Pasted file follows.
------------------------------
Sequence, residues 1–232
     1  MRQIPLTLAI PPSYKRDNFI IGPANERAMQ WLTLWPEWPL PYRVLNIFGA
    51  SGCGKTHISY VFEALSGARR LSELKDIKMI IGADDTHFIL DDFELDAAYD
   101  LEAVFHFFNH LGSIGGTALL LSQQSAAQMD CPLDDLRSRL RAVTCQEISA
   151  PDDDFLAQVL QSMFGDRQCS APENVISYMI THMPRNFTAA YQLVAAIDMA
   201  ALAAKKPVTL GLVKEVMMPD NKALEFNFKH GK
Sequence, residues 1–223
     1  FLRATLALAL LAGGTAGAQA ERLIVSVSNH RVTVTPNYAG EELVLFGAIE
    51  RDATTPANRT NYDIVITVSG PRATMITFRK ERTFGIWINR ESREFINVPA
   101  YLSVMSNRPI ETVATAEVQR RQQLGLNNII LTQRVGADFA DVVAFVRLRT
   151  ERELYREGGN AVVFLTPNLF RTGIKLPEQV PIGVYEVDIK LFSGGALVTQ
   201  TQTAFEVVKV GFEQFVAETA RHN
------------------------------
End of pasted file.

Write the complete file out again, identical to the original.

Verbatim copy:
Sequence, residues 1–232
     1  MRQIPLTLAI PPSYKRDNFI IGPANERAMQ WLTLWPEWPL PYRVLNIFGA
    51  SGCGKTHISY VFEALSGARR LSELKDIKMI IGADDTHFIL DDFELDAAYD
   101  LEAVFHFFNH LGSIGGTALL LSQQSAAQMD CPLDDLRSRL RAVTCQEISA
   151  PDDDFLAQVL QSMFGDRQCS APENVISYMI THMPRNFTAA YQLVAAIDMA
   201  ALAAKKPVTL GLVKEVMMPD NKALEFNFKH GK
Sequence, residues 1–223
     1  FLRATLALAL LAGGTAGAQA ERLIVSVSNH RVTVTPNYAG EELVLFGAIE
    51  RDATTPANRT NYDIVITVSG PRATMITFRK ERTFGIWINR ESREFINVPA
   101  YLSVMSNRPI ETVATAEVQR RQQLGLNNII LTQRVGADFA DVVAFVRLRT
   151  ERELYREGGN AVVFLTPNLF RTGIKLPEQV PIGVYEVDIK LFSGGALVTQ
   201  TQTAFEVVKV GFEQFVAETA RHN